In a couple of weeks, my brother Jon will be traveling from DC to SLC for an open house celebrating his recent marriage (which we happily attended in Texas!). He graciously offered to transport our stuff for us to North Carolina from Salt Lake. Now the question is: how?

A couple years back, we acquired a 2005 Dodge Caravan from Tim's sister as a second car. Once Tim accepted his new teaching position in NC, we formulated a plan in our limited time frame: Tim would drive out our Civic with a few items that would fit inside the car. I would change my return flight from Texas to North Carolina, packing as much luggage on the plane as possible. The rest of our stuff would go in a storage locker in Salt Lake, get sold, or get donated or thrown away. Then, Jon would retrieve the van, load a trailer from the storage unit, and drive . . . and drive . . . and drive (sung to the tune of "Pioneer Children Sang As They Walked").

The van has a hitch installed on it from when Tim's sister and brother-in-law used it to haul a loaded 4x8 trailer from Seattle to Boise area. We want to use the same size trailer, but haul it 2000 miles instead of 500. I have spent a lot of time worrying that this plan wouldn't work. It's been mostly unproductive worry and stress. A lot of people who've heard of our plan are super skeptical. And we have taken the naysaying seriously. We've explored renting a truck, selling our van, towing our van with a rental truck, shipping our books separately, keeping the storage locker, etc.. It's terribly tempting to rent a trailer for approximately 300 dollars as opposed to a moving truck for over 1000, especially when it includes regaining access to a second car.

Our only car out here is our Civic, which Tim drove out over three weeks before I came, and it's sadly having issues at the moment,  which may or may not be related to its recent cross-country trip. On our way home from the airport, the front bumper was falling off, so we had to drive 35 mph the entire way (it took a long time) to avoid losing our undercarriage. Separate from that, it was making a funky noise. So we took it into the shop and they said it needed a new A/C kit, A/C compressor, and some other A/C system components/ repairs. We don't really know the area or have a way of getting to another mechanic for a second opinion, so I hope the 1400 dollar repair required is necessary. We need a car out here, so we went ahead and ordered the work. It's crappy-expensive though. As if moving wasn't expensive enough! I need a job!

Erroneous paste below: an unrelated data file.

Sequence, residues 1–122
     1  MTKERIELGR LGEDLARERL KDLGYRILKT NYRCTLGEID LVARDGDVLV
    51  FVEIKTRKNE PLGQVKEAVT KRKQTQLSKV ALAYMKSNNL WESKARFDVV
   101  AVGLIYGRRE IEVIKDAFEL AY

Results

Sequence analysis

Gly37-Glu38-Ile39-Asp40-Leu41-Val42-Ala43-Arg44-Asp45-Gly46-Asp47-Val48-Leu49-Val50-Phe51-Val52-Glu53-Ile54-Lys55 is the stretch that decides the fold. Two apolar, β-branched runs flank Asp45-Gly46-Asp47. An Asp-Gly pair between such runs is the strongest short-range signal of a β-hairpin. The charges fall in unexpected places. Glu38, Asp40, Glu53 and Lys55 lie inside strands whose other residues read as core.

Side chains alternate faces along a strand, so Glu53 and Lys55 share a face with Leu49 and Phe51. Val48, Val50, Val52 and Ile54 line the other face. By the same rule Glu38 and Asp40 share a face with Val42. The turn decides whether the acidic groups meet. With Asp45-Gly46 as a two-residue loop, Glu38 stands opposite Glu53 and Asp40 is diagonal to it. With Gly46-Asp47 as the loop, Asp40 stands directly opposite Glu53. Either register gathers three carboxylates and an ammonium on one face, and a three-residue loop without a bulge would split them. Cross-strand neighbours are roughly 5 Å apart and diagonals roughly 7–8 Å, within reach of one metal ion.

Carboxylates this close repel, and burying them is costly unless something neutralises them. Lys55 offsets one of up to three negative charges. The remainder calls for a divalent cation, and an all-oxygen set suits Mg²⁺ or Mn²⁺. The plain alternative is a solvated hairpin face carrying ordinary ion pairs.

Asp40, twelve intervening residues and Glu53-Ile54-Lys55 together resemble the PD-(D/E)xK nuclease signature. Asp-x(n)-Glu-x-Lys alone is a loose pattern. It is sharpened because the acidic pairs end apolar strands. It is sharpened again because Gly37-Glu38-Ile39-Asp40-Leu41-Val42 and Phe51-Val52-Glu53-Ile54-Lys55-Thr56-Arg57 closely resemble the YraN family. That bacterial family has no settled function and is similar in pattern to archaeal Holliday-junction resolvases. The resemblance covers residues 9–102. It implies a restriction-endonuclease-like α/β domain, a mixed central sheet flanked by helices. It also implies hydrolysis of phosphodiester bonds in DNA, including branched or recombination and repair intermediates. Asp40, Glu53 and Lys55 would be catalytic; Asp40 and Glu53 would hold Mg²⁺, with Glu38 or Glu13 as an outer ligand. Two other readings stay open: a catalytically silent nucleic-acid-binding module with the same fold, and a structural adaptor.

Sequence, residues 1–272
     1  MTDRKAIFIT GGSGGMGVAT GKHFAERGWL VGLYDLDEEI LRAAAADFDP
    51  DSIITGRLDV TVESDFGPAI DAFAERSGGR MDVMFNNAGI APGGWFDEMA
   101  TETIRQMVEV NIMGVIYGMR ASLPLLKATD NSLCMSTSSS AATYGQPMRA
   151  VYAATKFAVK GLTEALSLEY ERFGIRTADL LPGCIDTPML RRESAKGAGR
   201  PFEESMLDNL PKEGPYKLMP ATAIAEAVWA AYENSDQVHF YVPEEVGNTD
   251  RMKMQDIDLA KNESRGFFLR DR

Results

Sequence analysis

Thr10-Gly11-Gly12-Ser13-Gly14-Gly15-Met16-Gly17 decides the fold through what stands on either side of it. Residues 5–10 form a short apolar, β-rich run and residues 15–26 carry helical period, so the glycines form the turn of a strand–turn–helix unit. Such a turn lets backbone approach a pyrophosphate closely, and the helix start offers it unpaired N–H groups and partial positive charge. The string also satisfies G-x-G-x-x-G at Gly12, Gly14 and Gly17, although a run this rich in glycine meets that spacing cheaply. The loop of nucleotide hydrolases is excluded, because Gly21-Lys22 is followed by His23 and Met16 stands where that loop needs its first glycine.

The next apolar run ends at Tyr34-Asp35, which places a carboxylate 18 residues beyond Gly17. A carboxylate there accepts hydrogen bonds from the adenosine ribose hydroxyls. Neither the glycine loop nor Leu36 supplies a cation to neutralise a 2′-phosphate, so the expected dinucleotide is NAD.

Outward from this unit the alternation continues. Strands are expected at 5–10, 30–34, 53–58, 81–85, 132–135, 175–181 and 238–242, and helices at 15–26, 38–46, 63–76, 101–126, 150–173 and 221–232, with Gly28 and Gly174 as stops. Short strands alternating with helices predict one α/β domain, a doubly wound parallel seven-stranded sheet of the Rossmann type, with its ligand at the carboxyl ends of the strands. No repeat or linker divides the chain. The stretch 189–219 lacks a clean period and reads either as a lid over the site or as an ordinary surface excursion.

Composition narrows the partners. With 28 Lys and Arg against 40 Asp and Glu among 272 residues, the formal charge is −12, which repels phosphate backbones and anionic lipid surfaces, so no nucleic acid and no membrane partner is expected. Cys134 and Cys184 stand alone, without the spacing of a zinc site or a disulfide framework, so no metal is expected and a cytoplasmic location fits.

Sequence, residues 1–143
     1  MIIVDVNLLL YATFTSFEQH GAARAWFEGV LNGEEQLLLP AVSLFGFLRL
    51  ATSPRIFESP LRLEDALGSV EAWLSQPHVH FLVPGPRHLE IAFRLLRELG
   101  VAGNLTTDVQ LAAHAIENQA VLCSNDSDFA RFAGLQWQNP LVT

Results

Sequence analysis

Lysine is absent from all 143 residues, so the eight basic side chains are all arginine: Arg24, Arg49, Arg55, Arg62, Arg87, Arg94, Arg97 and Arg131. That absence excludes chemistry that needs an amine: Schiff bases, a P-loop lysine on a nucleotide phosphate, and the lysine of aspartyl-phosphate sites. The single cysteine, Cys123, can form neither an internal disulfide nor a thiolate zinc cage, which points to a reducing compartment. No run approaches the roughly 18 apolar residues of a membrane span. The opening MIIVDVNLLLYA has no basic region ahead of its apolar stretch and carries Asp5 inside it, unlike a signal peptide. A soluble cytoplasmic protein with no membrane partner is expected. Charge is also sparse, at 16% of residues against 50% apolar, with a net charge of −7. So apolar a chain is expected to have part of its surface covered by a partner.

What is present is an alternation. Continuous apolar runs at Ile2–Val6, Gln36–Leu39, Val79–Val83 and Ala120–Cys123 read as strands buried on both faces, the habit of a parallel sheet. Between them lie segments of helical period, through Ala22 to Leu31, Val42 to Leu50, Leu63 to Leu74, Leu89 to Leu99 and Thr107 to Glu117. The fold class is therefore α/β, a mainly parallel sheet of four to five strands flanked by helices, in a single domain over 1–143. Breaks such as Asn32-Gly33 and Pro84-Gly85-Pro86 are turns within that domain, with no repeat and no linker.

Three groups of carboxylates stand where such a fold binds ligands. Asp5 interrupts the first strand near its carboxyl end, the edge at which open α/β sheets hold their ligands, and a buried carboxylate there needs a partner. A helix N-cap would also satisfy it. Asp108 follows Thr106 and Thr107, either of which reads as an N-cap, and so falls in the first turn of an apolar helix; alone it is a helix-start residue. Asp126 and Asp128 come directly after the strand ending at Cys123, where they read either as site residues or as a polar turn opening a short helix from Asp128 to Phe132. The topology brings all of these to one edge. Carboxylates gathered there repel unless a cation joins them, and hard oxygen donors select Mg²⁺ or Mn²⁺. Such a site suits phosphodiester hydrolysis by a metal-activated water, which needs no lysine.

14 September 2015

the new digs

I'm sitting on a hard floor (it's supposed to look like wood, but it's some kind of rubbery material). I'm leaning against a mattress on the floor, and slouching as I do because really the mattress is not high enough to comfortably support my back. Actually, there are two mattresses bunched together with a ratchet tie-down that form a faux-king-size-bed. Upon these mattresses, we have placed a mattress pad. There is no bedding. There's also a fan for the white noise and to drown out Shep's snores. That kid is a loud sleeper.

In the suitcases, I brought most of our clothing and also cloth diapers. I haven't been using them lately. I wish I could say it's because our 3.5-year-old child is potty trained, because I feel like I'm failing as a parent the longer that he's not. But although I feel a certain urgency about him wearing undies successfully, I think there are more pressing issues relative to a certain recent cross-country move.

I also brought the cloth diaper sprayer toilet attachment, which we also use for a bidet. It's not currently installed. It is normally not a big deal to attach to the toilet, but the other night, we had a bad time attempting to install it. This is because the valve that turns off the toilet water supply is completely busted. Tim removed the piping that connects the toilet  to the wall without knowing that the water had not, in fact, been turned off (there was no way of telling), and then it was like a fire hydrant and water was shooting everywhere. I mean everywhere. And we couldn't stop it, so the apartment flooded. (The denouement of the story finally happened when we called the emergency maintenance number provided by the apartment's property management company and a plumber came and shut off the main water supply.)